The current President and Congress have two major goals for a replacement healthcare bill: to lower costs, and to allow states more flexibility in determining what should be covered by Medicaid or private insurers. And in fact, a flexible approach can have some real benefits, as long as it is balanced by patient protections, he said.

The new law also would most likely eliminate the individual mandate. "We can probably live without that," he explained. "The evidence suggests that most of the people who entered the [insurance] marketplace did so because they received subsidies," rather than the requirements of the mandate.

Other cost-cutting measures, however, are much more concerning.

"The reductions in Medicaid coverage and spending are incredible."

In addition, the subsidies many people now receive to help them pay for their insurance premiums would essentially be eliminated.

"This is critical to the patient community, because the subsidies are what brought most of them into the healthcare marketplace," Mr Boutin pointed out.

Thanks to the subsidies provided by the Affordable Care Act, approximately 20 million people had access to healthcare for the first time. Without the subsidies, "you largely eliminate that affordability."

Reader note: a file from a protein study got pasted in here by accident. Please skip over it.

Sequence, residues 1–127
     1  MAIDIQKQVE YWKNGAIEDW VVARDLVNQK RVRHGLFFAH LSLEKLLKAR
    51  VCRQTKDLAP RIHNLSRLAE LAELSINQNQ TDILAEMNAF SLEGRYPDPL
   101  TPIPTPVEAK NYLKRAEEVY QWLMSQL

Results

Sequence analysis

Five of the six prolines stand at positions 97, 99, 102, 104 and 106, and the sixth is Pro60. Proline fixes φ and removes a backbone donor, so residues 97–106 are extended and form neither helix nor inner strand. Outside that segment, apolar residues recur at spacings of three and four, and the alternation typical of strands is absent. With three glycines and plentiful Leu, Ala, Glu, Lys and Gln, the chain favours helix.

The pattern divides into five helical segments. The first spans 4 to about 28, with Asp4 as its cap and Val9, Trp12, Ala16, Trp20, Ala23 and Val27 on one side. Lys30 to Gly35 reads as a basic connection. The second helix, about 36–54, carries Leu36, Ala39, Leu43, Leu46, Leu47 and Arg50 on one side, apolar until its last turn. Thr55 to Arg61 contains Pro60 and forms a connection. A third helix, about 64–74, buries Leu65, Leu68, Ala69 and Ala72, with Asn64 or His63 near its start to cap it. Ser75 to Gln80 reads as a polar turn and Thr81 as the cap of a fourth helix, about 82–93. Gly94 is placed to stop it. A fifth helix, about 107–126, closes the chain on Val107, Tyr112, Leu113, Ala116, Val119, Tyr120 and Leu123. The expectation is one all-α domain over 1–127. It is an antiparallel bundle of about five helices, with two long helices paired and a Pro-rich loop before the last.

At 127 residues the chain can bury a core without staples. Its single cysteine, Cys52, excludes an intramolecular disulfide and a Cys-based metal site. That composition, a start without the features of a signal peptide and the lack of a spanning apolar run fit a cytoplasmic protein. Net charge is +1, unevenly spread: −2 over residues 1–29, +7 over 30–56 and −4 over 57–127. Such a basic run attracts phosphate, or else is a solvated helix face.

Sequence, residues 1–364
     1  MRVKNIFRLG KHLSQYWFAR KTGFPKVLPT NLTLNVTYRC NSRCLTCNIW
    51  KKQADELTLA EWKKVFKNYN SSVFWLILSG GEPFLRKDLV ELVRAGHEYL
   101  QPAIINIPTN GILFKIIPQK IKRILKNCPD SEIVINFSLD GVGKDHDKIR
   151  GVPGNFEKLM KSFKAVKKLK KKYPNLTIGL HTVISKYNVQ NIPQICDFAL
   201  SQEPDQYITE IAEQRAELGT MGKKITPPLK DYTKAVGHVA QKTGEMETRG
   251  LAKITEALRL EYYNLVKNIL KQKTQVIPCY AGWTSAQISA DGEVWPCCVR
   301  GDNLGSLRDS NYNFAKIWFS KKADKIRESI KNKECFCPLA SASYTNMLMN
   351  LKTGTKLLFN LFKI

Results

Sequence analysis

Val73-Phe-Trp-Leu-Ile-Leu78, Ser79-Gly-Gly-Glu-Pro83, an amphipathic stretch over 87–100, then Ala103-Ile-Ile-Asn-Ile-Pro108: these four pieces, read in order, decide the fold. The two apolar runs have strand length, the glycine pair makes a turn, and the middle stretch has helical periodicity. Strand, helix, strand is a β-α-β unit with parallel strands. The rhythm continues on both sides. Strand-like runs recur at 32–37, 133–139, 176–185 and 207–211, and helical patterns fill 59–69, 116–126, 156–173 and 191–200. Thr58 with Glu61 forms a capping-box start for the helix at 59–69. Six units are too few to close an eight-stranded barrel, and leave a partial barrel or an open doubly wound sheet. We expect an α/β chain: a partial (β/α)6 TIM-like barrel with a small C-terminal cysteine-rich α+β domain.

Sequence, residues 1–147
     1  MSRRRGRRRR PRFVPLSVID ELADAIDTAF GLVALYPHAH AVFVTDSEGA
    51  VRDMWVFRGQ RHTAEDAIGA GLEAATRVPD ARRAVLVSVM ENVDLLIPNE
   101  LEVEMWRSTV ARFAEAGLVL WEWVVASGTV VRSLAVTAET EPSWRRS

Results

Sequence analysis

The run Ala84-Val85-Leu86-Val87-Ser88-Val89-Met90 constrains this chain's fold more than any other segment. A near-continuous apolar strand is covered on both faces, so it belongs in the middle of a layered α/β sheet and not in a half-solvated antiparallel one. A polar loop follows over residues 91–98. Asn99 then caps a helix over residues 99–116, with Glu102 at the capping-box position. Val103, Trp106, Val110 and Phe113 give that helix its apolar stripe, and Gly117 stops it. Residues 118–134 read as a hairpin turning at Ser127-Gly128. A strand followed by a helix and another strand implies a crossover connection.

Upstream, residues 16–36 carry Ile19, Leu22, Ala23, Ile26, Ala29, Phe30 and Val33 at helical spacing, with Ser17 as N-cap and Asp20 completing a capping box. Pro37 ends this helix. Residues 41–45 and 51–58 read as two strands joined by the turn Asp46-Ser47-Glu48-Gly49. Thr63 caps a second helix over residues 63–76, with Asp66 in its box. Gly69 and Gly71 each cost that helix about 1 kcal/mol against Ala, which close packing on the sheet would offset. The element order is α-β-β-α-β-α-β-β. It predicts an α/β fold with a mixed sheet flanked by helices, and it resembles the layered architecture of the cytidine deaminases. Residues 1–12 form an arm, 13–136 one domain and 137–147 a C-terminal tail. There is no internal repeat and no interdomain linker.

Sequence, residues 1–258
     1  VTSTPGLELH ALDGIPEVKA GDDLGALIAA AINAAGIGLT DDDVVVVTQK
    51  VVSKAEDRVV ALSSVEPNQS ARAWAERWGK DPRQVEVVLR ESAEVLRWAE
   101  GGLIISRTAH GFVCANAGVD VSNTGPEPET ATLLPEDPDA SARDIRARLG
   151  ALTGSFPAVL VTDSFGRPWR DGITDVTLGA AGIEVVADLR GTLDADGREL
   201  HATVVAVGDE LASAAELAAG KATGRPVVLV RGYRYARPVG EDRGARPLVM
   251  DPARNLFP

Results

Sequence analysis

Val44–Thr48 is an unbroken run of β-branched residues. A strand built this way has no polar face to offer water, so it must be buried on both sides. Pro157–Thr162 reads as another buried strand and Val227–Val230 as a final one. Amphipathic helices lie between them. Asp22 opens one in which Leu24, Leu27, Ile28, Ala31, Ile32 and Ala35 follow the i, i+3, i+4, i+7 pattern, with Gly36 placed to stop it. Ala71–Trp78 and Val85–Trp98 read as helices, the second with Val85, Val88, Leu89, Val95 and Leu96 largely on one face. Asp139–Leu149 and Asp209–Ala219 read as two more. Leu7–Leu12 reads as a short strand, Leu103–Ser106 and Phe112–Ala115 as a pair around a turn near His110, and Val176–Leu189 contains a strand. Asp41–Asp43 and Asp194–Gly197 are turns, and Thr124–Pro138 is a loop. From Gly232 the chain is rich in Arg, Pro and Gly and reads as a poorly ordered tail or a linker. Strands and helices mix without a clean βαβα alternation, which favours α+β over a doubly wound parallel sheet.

American Health Care Act Violates Fundamental Principle of Insurance

Of equal consternation to those with chronic conditions is a change in the "critical" accommodations for older or sicker people: under the American Health Care Act, those patients would have to pay more.

This violates one of the fundamental principles of insurance, which is to spread risk across a broad swath of the population, Mr Boutin explained. "By charging more to people who are older or have chronic health conditions, you eliminate that risk spread, and you dramatically increase costs."

In keeping with the mantra of more flexibility, the new law would also allow states to let insurers reduce coverage of certain essential health benefits, such as maternity services and emergency care.

This could send out-of-pocket costs skyrocketing, he warned.

This would present "a huge challenge" to patients because it would violate certain core principles that underlie the Affordable Care Act, such as nondiscrimination against people with preexisting conditions and not imposing annual or lifetime limits on coverage and out-of-pocket costs.

"All of that will be eliminated if states do away with essential health benefit coverage."